One late afternoon a few seasons ago, I started out from the main trailhead and snowshoed northeast and then eventually south. At a point on the trail, I noticed there was not much daylight remaining to finish hiking the entire circle. So, I decided to go off-trail and head west. After breaking trail for what seemed quite a ways, I became mindful about the onset of dark. I was not worried about snowshoeing at night, but I was concerned that my wife Liz would be worried. I knew that if I kept heading westward, eventually I would come to the park road that runs down the center of the peninsula. Most likely I would end up south of the trailhead and I could then hike up the road to my car.
I saw a ridge in the distance. Surely something has to be over that ridge. As I began to crest the hill, I spotted the top of an outhouse. “Great! I must be south of the trailhead on the park road somewhere. But how far south I’m not sure,” I thought. Taking a dozen more steps, I saw the roof of my car. How I ever came out exactly where I put in, I do not know. Perhaps it was divine intervention for all I know. When I got home, Liz did not even notice I was late.
For a short adventure, one can also snowshoe on the single-track Giant Hardwood Nature Trail located near the park’s south unit campground. I enjoyed reading about the park’s vegetation and habitat on their interpretive signs when hiking on this loop. Since the Big Eau Pleine County Park is not heavily traveled by snowshoers, it is definitely a hidden Wisconsin snowshoeing treasure.
George W. Mead Wildlife Area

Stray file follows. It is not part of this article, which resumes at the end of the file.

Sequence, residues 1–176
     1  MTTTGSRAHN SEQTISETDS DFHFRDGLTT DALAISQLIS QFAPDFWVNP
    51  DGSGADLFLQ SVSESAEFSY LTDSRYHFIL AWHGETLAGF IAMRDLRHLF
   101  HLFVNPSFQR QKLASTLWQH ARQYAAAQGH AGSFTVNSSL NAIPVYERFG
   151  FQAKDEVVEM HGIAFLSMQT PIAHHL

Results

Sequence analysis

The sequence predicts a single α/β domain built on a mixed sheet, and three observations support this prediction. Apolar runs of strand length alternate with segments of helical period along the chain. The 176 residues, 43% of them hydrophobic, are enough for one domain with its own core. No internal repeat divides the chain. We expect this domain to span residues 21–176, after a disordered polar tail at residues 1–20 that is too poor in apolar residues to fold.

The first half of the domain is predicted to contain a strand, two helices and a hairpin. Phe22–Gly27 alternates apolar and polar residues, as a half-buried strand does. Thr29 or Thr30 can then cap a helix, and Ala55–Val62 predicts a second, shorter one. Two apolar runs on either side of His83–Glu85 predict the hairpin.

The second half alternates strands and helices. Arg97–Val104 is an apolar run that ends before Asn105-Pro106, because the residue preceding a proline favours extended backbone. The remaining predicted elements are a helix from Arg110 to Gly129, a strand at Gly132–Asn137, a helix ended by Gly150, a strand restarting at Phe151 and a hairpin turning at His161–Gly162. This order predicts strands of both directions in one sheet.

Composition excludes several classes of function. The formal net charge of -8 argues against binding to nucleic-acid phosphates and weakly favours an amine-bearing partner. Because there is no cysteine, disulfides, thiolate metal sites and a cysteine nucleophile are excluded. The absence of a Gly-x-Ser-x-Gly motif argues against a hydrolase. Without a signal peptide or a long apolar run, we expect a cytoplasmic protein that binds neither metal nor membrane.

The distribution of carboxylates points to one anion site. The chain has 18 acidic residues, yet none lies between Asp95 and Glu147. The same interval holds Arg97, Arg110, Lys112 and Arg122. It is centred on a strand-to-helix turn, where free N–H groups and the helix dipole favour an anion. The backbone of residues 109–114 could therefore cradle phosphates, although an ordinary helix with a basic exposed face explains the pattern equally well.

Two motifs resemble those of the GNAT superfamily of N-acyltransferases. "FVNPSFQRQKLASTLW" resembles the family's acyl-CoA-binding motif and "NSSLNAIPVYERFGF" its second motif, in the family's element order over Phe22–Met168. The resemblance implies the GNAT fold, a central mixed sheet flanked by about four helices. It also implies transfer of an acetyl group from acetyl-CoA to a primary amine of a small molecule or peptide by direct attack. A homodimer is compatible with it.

Snuggled up to the Big Eau Pleine Flowage is a two-mile stretch that leads into the 33,000-acre George W. Mead Wildlife Area. This woodland, grassland and wetland wildlife preserve with over 70 miles of trails, offers more space than I could snowshoe on in a lifetime.
An ideal area to snowshoe is on the trails at the Stanton W. Mead Wildlife Education and Visitor Center, located only six miles from my home. From the Center there is a 7-mile circular trail that passes through a wooded area, by open meadows, past dike areas, and meanders along the Little Eau Pleine River. There are also shorter trails that head out from the Center.
The Mead is a great habitat for a variety of wildlife. The area is known for its magnificent bird nesting and waterfowl migration in the fall. Canada geese, great blue herons, cormorants and trumpeter swans migrate along with a myriad of other bird species. In the winter, the Mead is silenced with a blanket of snow.
Sixty trailheads or entry points are located just off roadways where one can access the areas on foot. All of these entry points and trails are open to snowshoers during winter. Since trails lead through forests, frozen wetlands, and along dykes, I suggest someone snowshoeing in the area carry a compass to be sure they can navigate their way back out. Keep in mind that this is a very large area.
Go Out Your Back Door
Putting on my snowshoes and heading out my backdoor offers me a fun adventure every time. If there is snow outside your backdoor and you have access to public sidewalks, land or trails, you can snowshoe in your very own neighborhood.
One early October several years ago, we had about eight inches of snow. I put on my wood-framed, green mountain modified bearpaws and snowshoed down my street and back. It felt great to be able to snowshoe on fresh snow so early in the season without having to make any plans and without leaving my neighborhood. I hope you too can take advantage of the snow close to your home this season.